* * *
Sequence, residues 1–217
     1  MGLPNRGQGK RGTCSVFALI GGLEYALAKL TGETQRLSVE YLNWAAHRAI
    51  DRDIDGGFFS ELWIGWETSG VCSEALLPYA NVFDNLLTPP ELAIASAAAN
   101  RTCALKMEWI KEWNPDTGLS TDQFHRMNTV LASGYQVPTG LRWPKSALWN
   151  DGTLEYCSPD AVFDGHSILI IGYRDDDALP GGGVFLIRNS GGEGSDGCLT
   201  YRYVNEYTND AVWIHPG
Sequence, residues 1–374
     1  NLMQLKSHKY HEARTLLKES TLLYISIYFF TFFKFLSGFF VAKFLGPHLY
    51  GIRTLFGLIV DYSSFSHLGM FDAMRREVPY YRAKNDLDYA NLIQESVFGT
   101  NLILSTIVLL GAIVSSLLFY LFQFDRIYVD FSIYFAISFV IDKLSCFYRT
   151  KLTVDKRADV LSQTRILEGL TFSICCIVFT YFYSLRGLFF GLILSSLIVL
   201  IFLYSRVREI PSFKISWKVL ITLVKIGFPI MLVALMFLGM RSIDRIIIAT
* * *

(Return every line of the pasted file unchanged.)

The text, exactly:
Sequence, residues 1–217
     1  MGLPNRGQGK RGTCSVFALI GGLEYALAKL TGETQRLSVE YLNWAAHRAI
    51  DRDIDGGFFS ELWIGWETSG VCSEALLPYA NVFDNLLTPP ELAIASAAAN
   101  RTCALKMEWI KEWNPDTGLS TDQFHRMNTV LASGYQVPTG LRWPKSALWN
   151  DGTLEYCSPD AVFDGHSILI IGYRDDDALP GGGVFLIRNS GGEGSDGCLT
   201  YRYVNEYTND AVWIHPG
Sequence, residues 1–374
     1  NLMQLKSHKY HEARTLLKES TLLYISIYFF TFFKFLSGFF VAKFLGPHLY
    51  GIRTLFGLIV DYSSFSHLGM FDAMRREVPY YRAKNDLDYA NLIQESVFGT
   101  NLILSTIVLL GAIVSSLLFY LFQFDRIYVD FSIYFAISFV IDKLSCFYRT
   151  KLTVDKRADV LSQTRILEGL TFSICCIVFT YFYSLRGLFF GLILSSLIVL
   201  IFLYSRVREI PSFKISWKVL ITLVKIGFPI MLVALMFLGM RSIDRIIIAT